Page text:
The very thorny Acacia species is native to Mexico and Central America but spread around the Southern Hemisphere. The bipinnate leaves are made of tiny leaflets, growing among large thorns. It makes a great bonsai because of its small leaves and suckers, branching out freely. From Spring to Summer the scented yellow puff ball flowers open, followed by large, decorative seedpods that will turn brown during Autumn. The seeds are in fact edible and good for flour. With it not being a very frost hardy plant, it can only withstand light morning frosts. Therefore, it can only be planted out on the Southern Coast and cities such as London. If not, it is best to keep it in a large pot on the patio or in a conservatory and over the Winter for it to be frost free. A great ornamental plant, rarely offered.
|Fruit||flat, brown pod|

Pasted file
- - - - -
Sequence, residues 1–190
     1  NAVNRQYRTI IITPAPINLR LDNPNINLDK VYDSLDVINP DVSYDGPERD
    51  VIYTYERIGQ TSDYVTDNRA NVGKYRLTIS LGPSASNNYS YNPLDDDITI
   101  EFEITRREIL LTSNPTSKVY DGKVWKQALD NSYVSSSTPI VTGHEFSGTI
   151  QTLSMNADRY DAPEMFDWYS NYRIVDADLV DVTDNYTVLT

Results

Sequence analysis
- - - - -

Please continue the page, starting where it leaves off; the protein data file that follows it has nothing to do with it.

|Position||full sun in a sheltered position|
|Rate of growth||fast|
|Height and spread||1-2m in a pot|
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Also known as: Huisache (meaning "thorn")
Native to: Central America
Family: Fabaceae - Pea Family
Habit (UK conditions): small tree in a pot (fast grower)
Typical size in 5 years (UK conditions, in pot): 2-3 x 1m
Main value: flowers, foliage, thorns
Flowers are: bright yellow
Flowering period: May-August (intermittently)
Autumn coloration: - (evergreen)
Preferences: full sun with moderate watering
Hardiness: not hardy in most of the UK and in Western, Central and Northern Europe
Known hazards: none to our knowledge
Edible uses: some sources state that the seeds are edible and provides flour in the tropics for some locals